I used to think the same thing about appliance sales, and that was from a perspective of selling electronics in the same store. Applinances seemed boring. It turns out I was wrong; they can be interesting and complex, and teaching people about them is the best part of my current job. Would I also find teaching people about insurance products equally and surprisingly interesting?

I may be putting the horse before the cart here, but I just wanted to write a few things about how I'm feeling.

Sunday, March 27, 2005

The Graphite Gazette

Metal Mistress

by Gil MacKenna

Chapter One:

Los Angeles, CA. 1993

Andrea lit a cigarette as the man in her bed put on his tight, black jeans. He had to lay there on the bed next to her to get them on, and she stared at the tiny ripples of stomach muscles beneath his smooth, tanned skin. She watched with erotic fascination as his small, but well-defined, chest rose when he inhaled sharply to get the zipper closed. She took a drag off her smoke. This one's name was Dave, and he was one of Andrea's favorites.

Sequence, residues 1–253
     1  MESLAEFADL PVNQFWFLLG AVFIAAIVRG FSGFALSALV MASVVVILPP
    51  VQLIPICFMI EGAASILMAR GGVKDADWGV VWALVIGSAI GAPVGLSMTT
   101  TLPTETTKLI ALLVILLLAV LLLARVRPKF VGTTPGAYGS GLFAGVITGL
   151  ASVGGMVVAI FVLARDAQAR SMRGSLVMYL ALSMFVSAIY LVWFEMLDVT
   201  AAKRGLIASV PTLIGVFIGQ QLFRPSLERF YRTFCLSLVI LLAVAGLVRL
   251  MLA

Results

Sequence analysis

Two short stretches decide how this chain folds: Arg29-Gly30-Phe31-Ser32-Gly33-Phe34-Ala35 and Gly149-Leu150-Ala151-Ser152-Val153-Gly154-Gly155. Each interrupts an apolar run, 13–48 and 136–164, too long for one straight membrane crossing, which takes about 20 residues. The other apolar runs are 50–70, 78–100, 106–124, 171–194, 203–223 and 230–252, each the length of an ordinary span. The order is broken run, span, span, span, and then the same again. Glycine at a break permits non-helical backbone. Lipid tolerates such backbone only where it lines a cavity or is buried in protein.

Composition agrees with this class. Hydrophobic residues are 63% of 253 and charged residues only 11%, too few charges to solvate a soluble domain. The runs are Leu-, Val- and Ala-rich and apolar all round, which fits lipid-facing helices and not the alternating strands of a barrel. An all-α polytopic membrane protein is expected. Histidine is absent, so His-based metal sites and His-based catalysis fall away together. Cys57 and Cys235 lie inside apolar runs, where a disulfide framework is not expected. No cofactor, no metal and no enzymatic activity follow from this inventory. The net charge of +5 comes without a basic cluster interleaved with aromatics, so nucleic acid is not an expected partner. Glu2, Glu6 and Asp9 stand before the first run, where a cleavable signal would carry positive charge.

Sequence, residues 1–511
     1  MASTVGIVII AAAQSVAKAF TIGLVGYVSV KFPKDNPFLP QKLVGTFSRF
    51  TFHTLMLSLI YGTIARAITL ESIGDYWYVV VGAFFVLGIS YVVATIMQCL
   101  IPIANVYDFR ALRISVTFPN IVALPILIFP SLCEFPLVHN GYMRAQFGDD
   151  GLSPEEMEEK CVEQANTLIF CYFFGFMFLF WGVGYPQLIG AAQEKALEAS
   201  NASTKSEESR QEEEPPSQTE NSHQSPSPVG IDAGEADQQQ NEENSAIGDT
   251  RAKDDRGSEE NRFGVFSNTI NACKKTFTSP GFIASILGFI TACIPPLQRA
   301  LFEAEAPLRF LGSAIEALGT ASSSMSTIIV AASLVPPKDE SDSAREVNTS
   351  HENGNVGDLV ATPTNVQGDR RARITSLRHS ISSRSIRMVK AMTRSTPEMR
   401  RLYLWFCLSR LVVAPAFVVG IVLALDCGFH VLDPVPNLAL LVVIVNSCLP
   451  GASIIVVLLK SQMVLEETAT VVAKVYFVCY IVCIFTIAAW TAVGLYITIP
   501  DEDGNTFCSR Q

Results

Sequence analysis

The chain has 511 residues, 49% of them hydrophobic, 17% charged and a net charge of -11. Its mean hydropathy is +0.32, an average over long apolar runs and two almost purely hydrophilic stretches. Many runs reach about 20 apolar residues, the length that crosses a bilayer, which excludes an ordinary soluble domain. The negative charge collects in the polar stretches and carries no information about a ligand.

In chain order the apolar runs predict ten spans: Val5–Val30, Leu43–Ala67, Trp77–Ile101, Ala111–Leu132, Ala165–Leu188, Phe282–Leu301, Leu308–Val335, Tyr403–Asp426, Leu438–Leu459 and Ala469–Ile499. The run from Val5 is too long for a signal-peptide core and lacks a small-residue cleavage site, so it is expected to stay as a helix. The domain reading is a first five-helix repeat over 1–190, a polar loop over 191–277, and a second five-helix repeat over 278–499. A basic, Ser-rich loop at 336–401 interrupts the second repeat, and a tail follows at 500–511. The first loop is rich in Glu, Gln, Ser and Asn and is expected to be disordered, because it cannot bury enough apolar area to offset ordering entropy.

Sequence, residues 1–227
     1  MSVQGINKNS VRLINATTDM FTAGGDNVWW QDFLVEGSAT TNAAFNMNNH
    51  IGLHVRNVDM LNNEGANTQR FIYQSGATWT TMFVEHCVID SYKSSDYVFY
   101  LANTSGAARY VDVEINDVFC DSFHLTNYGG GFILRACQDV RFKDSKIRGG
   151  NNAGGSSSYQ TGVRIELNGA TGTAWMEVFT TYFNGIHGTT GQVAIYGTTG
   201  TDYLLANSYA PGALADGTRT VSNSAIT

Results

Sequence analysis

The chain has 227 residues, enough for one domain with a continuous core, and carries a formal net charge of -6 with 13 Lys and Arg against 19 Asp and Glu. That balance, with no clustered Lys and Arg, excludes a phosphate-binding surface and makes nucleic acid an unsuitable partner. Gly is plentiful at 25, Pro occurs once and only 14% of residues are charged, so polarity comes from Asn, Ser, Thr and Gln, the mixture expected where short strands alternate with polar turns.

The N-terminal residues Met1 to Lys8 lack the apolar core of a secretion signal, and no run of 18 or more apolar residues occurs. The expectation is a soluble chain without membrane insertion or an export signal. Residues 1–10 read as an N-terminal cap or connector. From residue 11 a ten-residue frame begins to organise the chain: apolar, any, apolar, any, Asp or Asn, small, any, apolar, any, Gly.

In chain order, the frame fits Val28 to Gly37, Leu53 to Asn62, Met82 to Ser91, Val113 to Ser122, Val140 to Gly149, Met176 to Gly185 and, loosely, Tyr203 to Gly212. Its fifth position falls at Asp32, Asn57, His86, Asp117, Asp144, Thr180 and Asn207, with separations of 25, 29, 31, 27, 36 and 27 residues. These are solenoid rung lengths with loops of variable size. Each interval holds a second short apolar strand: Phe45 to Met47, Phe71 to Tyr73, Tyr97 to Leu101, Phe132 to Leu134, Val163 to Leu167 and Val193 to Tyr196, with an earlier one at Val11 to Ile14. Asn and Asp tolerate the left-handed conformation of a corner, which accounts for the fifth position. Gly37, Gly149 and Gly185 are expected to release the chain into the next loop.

Dave turned, propped his chin up on his hand, and gave her a smile.  It was that satisfied grin he used on most of his band's album covers, and the one that was on all the posters.  Andrea briefly thought of the thousands of girls who stared at pictures of this smile, and dreamed nightly of the cute, mysterious guitar player who lay half naked next to her. He belonged to her this evening. It was one of the many priviledges of being Andrea Parsons, President of AP Records, and daughter of Andrew Parsons, founder and Chairman of the Board of International Media, one of the largest financial empires in the world.

"How long have we been lovers?" Dave asked, gently reaching for her cigarette.